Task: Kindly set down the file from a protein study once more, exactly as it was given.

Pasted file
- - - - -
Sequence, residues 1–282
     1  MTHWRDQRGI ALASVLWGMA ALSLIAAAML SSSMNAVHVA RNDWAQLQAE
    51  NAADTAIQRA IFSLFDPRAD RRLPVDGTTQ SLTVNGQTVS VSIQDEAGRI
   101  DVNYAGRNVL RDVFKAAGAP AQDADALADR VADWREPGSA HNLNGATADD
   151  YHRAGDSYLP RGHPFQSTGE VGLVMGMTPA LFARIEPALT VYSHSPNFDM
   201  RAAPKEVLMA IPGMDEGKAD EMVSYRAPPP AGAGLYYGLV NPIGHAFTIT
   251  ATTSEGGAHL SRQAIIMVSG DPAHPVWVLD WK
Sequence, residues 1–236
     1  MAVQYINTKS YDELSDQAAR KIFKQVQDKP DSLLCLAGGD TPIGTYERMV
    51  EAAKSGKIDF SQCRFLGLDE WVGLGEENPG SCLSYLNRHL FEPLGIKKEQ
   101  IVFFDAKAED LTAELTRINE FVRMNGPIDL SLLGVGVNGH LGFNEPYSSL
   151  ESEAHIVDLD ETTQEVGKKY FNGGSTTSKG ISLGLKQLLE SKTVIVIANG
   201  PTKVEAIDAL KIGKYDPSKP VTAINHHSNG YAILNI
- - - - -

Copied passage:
Sequence, residues 1–282
     1  MTHWRDQRGI ALASVLWGMA ALSLIAAAML SSSMNAVHVA RNDWAQLQAE
    51  NAADTAIQRA IFSLFDPRAD RRLPVDGTTQ SLTVNGQTVS VSIQDEAGRI
   101  DVNYAGRNVL RDVFKAAGAP AQDADALADR VADWREPGSA HNLNGATADD
   151  YHRAGDSYLP RGHPFQSTGE VGLVMGMTPA LFARIEPALT VYSHSPNFDM
   201  RAAPKEVLMA IPGMDEGKAD EMVSYRAPPP AGAGLYYGLV NPIGHAFTIT
   251  ATTSEGGAHL SRQAIIMVSG DPAHPVWVLD WK
Sequence, residues 1–236
     1  MAVQYINTKS YDELSDQAAR KIFKQVQDKP DSLLCLAGGD TPIGTYERMV
    51  EAAKSGKIDF SQCRFLGLDE WVGLGEENPG SCLSYLNRHL FEPLGIKKEQ
   101  IVFFDAKAED LTAELTRINE FVRMNGPIDL SLLGVGVNGH LGFNEPYSSL
   151  ESEAHIVDLD ETTQEVGKKY FNGGSTTSKG ISLGLKQLLE SKTVIVIANG
   201  PTKVEAIDAL KIGKYDPSKP VTAINHHSNG YAILNI